Science and Morality
Roger Crisp writes…
In his new book The Moral Landscape, Sam Harris claims that science 'reveals' values to us. Kwame Anthony Appiah is one of the many who have pointed out that Harris makes the common mistake of seeking to derive an 'ought' from a series of mere 'is' statements, a mistake pointed out by David Hume centuries ago.
But the relationship between natural science and normative ethics does raise interesting questions. Let's assume that Harris is correct in thinking that the right action is that which maximizes overall well-being, and assume also that well-being consists in the greatest balance of pleasure over pain. Pleasantness and painfulness are properties that scientists — psychologists in particular, but others too — can talk about, and if we assume that these properties can be measured in some way or other, then we find that the property that makes actions right is a property that can be studied by natural science.
But what is the relation between rightness and the property of maximizing well-being? In recent years, several naturalistically inclined philosophers have been inclined towards identifying them. So, just as heat turns out to be the same as molecular kinetic energy, so rightness turns out to be the same as maximizing well-being.
In a book which should be published in the new year, Derek Parfit argues that moral properties and 'natural' properties (the ones studied by science) are far too different to be identified. The claim of the naturalists about rightness in the previous paragraph is, he thinks, rather like the claim that heat is a cabbage.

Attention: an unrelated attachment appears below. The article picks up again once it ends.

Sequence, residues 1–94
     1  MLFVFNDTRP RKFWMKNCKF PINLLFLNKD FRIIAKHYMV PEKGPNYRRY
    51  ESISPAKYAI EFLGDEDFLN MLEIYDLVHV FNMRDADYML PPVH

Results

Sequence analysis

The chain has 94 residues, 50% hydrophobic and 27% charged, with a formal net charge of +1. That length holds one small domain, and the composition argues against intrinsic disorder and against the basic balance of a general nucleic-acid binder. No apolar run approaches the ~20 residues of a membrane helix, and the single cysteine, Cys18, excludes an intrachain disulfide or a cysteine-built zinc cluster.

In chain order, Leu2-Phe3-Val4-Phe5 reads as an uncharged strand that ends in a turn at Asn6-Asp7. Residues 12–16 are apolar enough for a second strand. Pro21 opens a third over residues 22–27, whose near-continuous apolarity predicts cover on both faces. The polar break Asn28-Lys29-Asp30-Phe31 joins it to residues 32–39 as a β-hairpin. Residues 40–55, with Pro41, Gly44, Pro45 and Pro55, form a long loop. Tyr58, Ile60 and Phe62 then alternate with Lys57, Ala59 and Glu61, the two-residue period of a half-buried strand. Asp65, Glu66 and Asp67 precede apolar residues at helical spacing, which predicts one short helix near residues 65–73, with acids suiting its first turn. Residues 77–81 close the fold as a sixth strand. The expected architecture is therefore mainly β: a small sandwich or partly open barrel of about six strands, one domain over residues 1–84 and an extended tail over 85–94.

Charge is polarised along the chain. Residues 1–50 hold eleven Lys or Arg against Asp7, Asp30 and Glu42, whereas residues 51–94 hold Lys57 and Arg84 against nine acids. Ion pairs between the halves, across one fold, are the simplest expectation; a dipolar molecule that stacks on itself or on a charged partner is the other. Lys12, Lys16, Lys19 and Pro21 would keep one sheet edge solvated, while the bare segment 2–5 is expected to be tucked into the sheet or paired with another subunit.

But there is another option — a broader form of naturalism, to which Parfit is less hostile. This might allow that moral properties and natural properties are indeed different, but insist that moral properties are 'anchored' (to use Robert Audi's term) in natural properties in the same sort of way that mental properties are anchored in physical properties — by supervening on them.
If we continue with our assumption (made just to simplify the argument) that rightness in this world supervenes on the maximization of well-being, it is hard not to think that rightness in all possible worlds will supervene on such maximization. That gives us a necessity claim linking moral and natural properties which those on both sides of the metaphysical debate between naturalism and non-naturalism can agree on. Indeed it may be that there's enough common ground here for that debate to be put to one side, so that we can engage in another genuine philosophical question — how it is that we can understand these necessities. We — those who've understood Hume, anyway — know that it's not through application of the scientific method as that is usually understood. But how, then, do we do it?